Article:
1. Zone Read: Around the under-eight media timeout in the first half, Steve Donahue switched to a loose zone. To that point, Miami had been clicking offensively, but the zone bothered the Hurricanes. It helped tremendously that Julian Gamble, Reggie Johnson and Tonye Jekiri all had two fouls, which partially neutralized the Hurricanes’ interior advantage. But Miami settled for jumpers and heavily contested shots, missing nine of its next 10 shots. The Hurricanes also turned it over three times. That allowed Boston College to finish on a 19-4 run and take a lead into halftime.
  2. Going Small: With five minutes left in the game, Jim Larranaga took Julian Gamble out, leaving Rion Brown, Trey McKinney-Jones, Shane Larkin, Durand Scott and Kenny Kadji on the floor. Essentially that’s Kadji with four guards and wings (all under 6’6″). After the game Jim Larranaga talked about the switch extensively:

    “Thank goodness we were able to go small in the last five minutes. We don’t have a lot of perimeter subs so we couldn’t have done it earlier, even though we know that’s probably the best way to guard them. We were able to do that in the last five minutes and pull away and get a nice win and move on to the semifinals. [...] The whole key in guarding Boston College, they do such a great job with ball screens and hitting the role man and hitting or finding another open man. When you’re bigger you’re slower in your rotation so the last five minutes we went to the small lineup and we switched most of them so there is no open man and we trapped with our big guy to be the aggressor at the end of the floor, both ends of the floor and both of those things worked at that time in the game.” Read the rest of this entry »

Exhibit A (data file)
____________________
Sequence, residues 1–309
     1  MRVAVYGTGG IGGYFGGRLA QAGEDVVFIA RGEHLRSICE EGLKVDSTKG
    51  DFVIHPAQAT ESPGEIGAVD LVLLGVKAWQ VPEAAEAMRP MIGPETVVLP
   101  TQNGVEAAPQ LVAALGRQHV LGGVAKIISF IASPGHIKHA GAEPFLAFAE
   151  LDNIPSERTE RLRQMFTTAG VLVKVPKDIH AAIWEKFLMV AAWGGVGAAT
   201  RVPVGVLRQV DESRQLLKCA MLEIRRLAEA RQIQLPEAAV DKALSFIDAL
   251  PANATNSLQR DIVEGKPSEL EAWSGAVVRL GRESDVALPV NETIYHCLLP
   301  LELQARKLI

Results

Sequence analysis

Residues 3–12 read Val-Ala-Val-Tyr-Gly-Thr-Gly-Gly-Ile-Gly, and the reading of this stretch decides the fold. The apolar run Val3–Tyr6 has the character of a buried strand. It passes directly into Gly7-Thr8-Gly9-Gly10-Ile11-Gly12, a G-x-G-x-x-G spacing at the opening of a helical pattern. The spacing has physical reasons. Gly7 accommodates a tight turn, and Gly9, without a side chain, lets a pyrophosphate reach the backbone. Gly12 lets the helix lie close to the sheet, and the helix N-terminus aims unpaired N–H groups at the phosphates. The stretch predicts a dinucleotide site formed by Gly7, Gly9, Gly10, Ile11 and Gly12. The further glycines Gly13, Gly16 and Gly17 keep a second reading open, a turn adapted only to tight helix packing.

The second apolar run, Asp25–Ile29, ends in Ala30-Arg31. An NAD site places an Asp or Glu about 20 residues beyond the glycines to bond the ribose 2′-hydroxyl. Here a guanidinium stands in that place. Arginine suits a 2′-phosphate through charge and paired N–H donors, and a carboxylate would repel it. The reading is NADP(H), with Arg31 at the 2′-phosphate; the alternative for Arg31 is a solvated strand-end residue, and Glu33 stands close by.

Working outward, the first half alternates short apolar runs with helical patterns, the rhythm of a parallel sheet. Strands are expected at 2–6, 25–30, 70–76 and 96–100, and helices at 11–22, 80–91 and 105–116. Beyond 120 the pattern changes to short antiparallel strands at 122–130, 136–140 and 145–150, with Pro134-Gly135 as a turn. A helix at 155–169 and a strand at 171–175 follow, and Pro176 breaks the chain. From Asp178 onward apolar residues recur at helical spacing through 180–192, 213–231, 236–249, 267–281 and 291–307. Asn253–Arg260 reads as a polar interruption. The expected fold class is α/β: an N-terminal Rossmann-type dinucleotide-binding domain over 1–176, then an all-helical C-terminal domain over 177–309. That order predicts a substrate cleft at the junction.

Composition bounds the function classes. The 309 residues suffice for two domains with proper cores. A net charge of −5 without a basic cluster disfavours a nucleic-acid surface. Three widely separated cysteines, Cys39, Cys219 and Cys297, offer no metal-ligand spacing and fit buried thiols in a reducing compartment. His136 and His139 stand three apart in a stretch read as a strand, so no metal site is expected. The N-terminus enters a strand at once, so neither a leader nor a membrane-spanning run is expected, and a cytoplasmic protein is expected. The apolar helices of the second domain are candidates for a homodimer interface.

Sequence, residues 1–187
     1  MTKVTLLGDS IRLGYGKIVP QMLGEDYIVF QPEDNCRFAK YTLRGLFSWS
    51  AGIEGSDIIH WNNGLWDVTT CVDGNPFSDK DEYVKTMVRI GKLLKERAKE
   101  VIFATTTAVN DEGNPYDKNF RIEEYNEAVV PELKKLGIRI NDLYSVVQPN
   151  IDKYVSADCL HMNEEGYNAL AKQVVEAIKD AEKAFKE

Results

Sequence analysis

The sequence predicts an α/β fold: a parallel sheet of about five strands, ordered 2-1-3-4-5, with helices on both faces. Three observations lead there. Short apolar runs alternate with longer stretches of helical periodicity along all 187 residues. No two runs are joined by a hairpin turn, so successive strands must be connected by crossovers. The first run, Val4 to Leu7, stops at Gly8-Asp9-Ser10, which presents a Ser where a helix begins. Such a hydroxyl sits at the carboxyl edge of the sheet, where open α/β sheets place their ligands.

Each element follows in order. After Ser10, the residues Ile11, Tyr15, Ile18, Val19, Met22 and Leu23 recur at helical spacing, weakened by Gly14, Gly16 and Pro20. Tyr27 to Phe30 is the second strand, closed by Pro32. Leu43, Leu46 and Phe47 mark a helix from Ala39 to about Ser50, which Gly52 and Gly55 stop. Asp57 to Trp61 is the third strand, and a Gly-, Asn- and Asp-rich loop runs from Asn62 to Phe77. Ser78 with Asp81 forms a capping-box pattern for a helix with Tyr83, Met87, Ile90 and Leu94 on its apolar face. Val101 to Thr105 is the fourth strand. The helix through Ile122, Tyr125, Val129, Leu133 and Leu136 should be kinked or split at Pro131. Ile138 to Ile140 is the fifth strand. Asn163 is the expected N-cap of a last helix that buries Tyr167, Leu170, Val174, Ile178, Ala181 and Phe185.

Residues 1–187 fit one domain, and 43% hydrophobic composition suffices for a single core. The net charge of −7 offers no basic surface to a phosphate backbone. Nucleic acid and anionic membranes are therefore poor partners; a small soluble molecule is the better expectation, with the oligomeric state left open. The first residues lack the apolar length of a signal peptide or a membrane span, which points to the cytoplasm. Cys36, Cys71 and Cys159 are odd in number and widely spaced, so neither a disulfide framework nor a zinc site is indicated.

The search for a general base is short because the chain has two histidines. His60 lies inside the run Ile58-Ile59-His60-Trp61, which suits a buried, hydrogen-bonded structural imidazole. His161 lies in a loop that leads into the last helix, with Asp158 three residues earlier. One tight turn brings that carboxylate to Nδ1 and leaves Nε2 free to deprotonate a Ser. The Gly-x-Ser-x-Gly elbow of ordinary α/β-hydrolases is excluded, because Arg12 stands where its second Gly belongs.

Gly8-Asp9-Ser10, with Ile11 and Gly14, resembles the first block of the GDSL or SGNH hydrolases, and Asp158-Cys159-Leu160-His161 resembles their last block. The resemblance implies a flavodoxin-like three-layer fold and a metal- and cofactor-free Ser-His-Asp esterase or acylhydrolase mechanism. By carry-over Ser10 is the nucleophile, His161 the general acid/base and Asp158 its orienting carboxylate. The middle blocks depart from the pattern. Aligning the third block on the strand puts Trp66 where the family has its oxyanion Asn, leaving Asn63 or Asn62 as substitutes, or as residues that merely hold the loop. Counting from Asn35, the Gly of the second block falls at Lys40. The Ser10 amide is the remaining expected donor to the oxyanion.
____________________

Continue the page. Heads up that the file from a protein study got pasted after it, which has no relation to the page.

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Rushed Reactions: Florida State 73, Clemson 69

Posted by mpatton on March 14th, 2013

rushedreactions

Matt Patton is an RTC correspondent and ACC microsite writer. He filed this report after Thursday night’s ACC Tournament game between Florida State and Clemson.

Three Key Takeaways:

  1. Epic Almost-Collapse: Florida State had a 13-point lead with two minutes to play. Two turnovers, a missed dunk, a flagrant foul and a fouled three-point shooter later, the Seminoles were lucky to have a six-point lead (Clemson missed four field goals over that stretch). The Tigers proceeded to hit two unbelievable threes to cut the lead to two with 13 seconds to play, but Michael Snaer iced the game with four straight free throws to close it out. But Florida State looked flummoxed the last two minutes. It didn’t help that a couple of close calls went the other way, but the team lost its poise. After the game, Leonard Hamilton said, “It was like we were trying to invent ways to give the game back to Clemson.” In the end, Florida State hit more free throws and won, but it shouldn’t have been that close.